"'(C) In order to ensure that institute funding does not duplicate or supplant existing funding, a high priority shall be placed on funding pluripotent stem cell and progenitor cell research that cannot, or is unlikely to, receive timely or sufficient federal funding, unencumbered by limitations that would impede the research. In this regard, other research categories funded by the National Institutes of Health shall not be funded by the institute....Notwithstanding subparagraph (C), other scientific and medical research and technologies may be funded by the institute if at least two-thirds of a quorum of the members of the Scientific and Medical Research Funding Working Group recommend to the ICOC that such a research proposal is a vital research opportunity.'
"With the federal ban ended, all of CIRM's research is really a vital research opportunity by default at this point. Per COVID and ample federal funding, any funding in that arena is about as far afield as one could get.
"Even with fetal tissue research, which, btw, has fallen off the radar in the media and with some in Congress and the Administration, I can guarantee no one is talking about banning that. You simple cannot develop vaccines or antivirals without mice with humanized immune systems created by using fetal tissue.
"To sum up, I'm not really sure what the board is trying to accomplish with its COVID program. I'm not sure that the board has a clear, coherent view of the scope of CIRM's research. And I am not sure the board has a clear idea of what the scientific mission of CIRM should be in the event that new funding comes from the voters.
"I would note as an aside that CIRM has never submitted its scientific program, including all grants made and their impact, to a rigorous, independent scientific review.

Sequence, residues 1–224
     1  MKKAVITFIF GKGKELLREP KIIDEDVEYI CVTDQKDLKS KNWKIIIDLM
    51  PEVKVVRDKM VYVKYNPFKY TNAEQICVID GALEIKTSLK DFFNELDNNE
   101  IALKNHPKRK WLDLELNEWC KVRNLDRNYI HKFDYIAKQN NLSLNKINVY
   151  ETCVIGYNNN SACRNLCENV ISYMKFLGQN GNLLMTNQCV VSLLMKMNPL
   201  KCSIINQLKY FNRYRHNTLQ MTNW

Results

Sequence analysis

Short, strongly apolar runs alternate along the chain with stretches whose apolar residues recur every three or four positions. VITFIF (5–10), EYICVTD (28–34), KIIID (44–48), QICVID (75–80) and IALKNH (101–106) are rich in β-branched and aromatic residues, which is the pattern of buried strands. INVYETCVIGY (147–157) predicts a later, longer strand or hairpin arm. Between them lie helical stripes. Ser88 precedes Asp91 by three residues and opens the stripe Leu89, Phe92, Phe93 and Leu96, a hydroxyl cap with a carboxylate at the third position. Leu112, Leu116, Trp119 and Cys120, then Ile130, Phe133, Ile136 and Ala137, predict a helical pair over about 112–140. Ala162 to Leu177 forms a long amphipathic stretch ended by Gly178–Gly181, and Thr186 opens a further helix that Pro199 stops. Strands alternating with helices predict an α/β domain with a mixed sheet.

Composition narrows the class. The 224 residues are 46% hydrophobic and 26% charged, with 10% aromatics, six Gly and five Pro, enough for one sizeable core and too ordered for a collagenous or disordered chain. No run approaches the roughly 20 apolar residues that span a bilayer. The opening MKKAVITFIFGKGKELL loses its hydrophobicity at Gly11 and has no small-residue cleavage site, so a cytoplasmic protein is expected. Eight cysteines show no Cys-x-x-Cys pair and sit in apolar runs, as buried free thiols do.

"In short, I don't think we really know at CIRM where we've been and where we want to go. We have anecdotes...."
(Sheehy’s own ellipses in the last paragraph)
Saturday, May 23, 2020
Friday, May 22, 2020
"All of my CIRM awards contributed to (Aspen). We used those funds to develop our genomics tools and databases and to develop improved methods for handling the cells."
Thursday, May 21, 2020
"Emergency" Meeting Tomorrow Morning; California Stem Cell Agency Wants to Expand Scope of its Covid Awards
Wednesday, May 20, 2020
"The current standard of care for severe sickle cell disease is a blood stem cell transplant, which is only available to patients who have a matched donor.
“However, the unique properties of ECT-001 cell therapy enable patients without a matched donor to receive treatment, with a greatly reduced risk of post-transplant complications. This study introduces a new indication into the ongoing evaluation of our ECT-001 technology, which we hope will make this life-saving therapy available to a far greater number of severely ill patients."
Monday, May 18, 2020
Saturday, May 16, 2020
Friday, May 15, 2020
The CIRM governing board rejected Li's and Celularity's applications, but they may resubmit them next Tuesday with modifications. Their scores and rankings can be found here along with the summary of their reviews, as well as summaries of all reviews.
The stem cell agency, officially known as the California Institute for Regenerative Medicine(CIRM), is expected to run out of cash this year. It is hoping that a $5.5 billion, refinancing proposal will qualify for the ballot this fall and be approved by voters. Currently, election officials are trying to determine whether the measure as the necessary number of signatures of registered voters to qualify.